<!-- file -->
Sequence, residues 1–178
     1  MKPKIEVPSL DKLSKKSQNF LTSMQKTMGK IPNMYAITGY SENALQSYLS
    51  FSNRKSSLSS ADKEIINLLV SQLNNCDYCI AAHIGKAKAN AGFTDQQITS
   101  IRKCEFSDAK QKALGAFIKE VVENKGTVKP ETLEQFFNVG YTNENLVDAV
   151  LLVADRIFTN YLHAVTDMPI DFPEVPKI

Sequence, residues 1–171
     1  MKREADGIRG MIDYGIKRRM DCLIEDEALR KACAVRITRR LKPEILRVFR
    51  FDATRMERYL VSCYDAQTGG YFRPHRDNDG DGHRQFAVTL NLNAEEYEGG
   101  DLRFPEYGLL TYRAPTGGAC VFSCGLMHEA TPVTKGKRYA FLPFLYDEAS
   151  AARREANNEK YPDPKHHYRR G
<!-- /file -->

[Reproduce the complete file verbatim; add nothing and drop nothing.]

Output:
Sequence, residues 1–178
     1  MKPKIEVPSL DKLSKKSQNF LTSMQKTMGK IPNMYAITGY SENALQSYLS
    51  FSNRKSSLSS ADKEIINLLV SQLNNCDYCI AAHIGKAKAN AGFTDQQITS
   101  IRKCEFSDAK QKALGAFIKE VVENKGTVKP ETLEQFFNVG YTNENLVDAV
   151  LLVADRIFTN YLHAVTDMPI DFPEVPKI

Sequence, residues 1–171
     1  MKREADGIRG MIDYGIKRRM DCLIEDEALR KACAVRITRR LKPEILRVFR
    51  FDATRMERYL VSCYDAQTGG YFRPHRDNDG DGHRQFAVTL NLNAEEYEGG
   101  DLRFPEYGLL TYRAPTGGAC VFSCGLMHEA TPVTKGKRYA FLPFLYDEAS
   151  AARREANNEK YPDPKHHYRR G